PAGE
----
Airstream Woes

A non-descript RV repair shop on the side of the road.

I try not to be a complainer. I also know that when I started reporting of the work on our Airstream, we got a whole new group of followers who were interested in the Airstream, not just Michael's music or our family. Obviously, we have shared some of the challenges of remodeling. I want to be careful not to give the impression that we resolved all issues before we started traveling. Each day that passes by we have an issue with the trailer that is in the back of our mind. Some days those issues push their way to the front of our mind. They are harder to address while on the road, without a home, but we do our best to evaluate them as pressing or just nagging, and address them as needed. This is an account of those issues.

The first leg of our summer trip was to Ohio. Almost immediately we started to notice that our fridge was not getting all the way cold. This was something that we tested in advance. The special 3-way fridge that we have is very expensive- around $2,000. Since I wanted to keep our budget in line, before we bought the tankless hot water heater, I made Michael test the fridge. We had solid ice. When we went to Michigan in May, it was fine. In Ohio - not fine. It did cool. The freezer got cold, but did not form ice. We decided that we needed to give it more time. We started leaving the gas on during our travel day to give it a chance. No better results. It seemed to be getting worse. We tried not to stress too much. We don't carry meat, so we just kept our dairy in the freezer section and kept going.

By our second stop in Ohio, our outlets stopped working. I learned form our madien voyage that this could be a sign that the RV park was not supplying us with electricity. The outlets only run on 110 power and are not powered by our batteries like the lights. The tricky thing was that they worked perfectly the night before. I tried to assess the situation. Sure enough the breaker had switched. Each time I tried to reset it, we got power for a second and then it switched again. That was as far as my troubleshooting skills got me.

Michael came home from work and established that it was our Airstream that was tripping the breaker (as opposed to poor power supply from the campground). Specifically the section that our wall outlets were on. We turned off that breaker on the Airstream side and were able to finish the night and carry forward. Once we got to the Wasinski house (our third stop in OH), we were able to buy a new breaker at Home Depot, remove corrosion from the wires, and resolve the issue. Our hope was that this may have fixed both issues. The refrigerator plugs into an outlet. Maybe that was why it was not getting full power. On to Cedar Point!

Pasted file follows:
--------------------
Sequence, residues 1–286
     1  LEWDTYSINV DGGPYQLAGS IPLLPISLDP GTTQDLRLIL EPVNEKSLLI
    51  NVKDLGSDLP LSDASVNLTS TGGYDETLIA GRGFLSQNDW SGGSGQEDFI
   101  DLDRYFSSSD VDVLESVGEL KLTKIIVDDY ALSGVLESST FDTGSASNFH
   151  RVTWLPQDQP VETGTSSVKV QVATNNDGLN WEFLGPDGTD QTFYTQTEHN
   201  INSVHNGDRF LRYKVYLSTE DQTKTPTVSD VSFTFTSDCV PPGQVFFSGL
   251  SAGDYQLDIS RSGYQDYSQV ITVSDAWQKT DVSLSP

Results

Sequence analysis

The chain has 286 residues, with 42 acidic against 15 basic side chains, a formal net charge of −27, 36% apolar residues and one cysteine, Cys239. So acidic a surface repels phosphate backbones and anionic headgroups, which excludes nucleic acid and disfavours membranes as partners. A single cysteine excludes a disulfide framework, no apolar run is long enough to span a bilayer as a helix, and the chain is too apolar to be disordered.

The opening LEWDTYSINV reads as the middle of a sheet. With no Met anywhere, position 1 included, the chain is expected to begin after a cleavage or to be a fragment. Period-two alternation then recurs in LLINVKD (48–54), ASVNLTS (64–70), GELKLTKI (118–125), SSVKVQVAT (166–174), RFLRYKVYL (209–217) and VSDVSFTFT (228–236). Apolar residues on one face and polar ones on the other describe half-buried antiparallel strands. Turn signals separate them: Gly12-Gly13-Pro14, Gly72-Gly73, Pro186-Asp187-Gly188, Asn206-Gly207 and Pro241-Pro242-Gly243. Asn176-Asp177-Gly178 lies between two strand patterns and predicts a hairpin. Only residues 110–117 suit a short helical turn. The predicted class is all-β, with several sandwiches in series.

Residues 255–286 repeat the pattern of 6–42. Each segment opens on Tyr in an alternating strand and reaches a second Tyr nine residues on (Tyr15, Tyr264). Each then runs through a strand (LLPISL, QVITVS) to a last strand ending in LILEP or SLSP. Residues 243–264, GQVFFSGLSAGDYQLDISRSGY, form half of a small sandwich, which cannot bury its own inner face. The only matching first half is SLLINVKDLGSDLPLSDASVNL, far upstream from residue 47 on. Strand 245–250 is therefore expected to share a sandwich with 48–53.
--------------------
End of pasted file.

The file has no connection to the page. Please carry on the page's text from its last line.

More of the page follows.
Unfortunately, the refrigerator never caught up. We were able to keep the freezer section cold - which was helpful when feeding 14 people at Cedar Point. We proceeded to VA with a watchful mind.

We had a few nights in Glen Allen that were good "catch up" days, but upon leaving we realized that we were missing our sewer drip cap. This was not the end of the world as the tanks are closed by the big plunger-like levers, but our next stop in Baltimore was our first real occassion staying on-site with the organization that had hired Michael. The last thing that we wanted was for us to be leaking sewage all over their parking lot - even if it was in small quantities. I also remembered from our maiden voyage that our sewer tank is not a standard size. We took a few hours to stop at Bass Pro Shop and a couple of RV stores. After a good 45 minutes waiting in line for my turn to talk to the RV parts guy, he assured me that tanks with white plumbing needed white fittings and that mine would be hard to come by. We started our drive to Baltimore 2 hours late and no sewer cap in hand. On the drive, I researched what I needed and found that they made an adapter to make my tank use the standard fittings. It was $7.50 on amazon. The only trouble was that I had no address to ship it to.

 While in Baltimore, I tried to attach our sewer hose and cap the hose. In theory that should have worked fine. In practice, it was a bit leaky. I called some RV shops. They assured me that I would not find the part that I needed. One guy suggested covering the hole with black electrical tape and that would stop me from being "reported". When I went to dump on Wednesday I stuffed it with a diaper to prevent dripping since I could not drive with the hose attached. This solution worked better than the capped hose. I bought some black duct tape and used it over the diaper. I called our campsite for the next week. I explained that I needed this sewer part that was not available locally. She made an exception to the rule and allowed me to have my amazon order shipped the campground.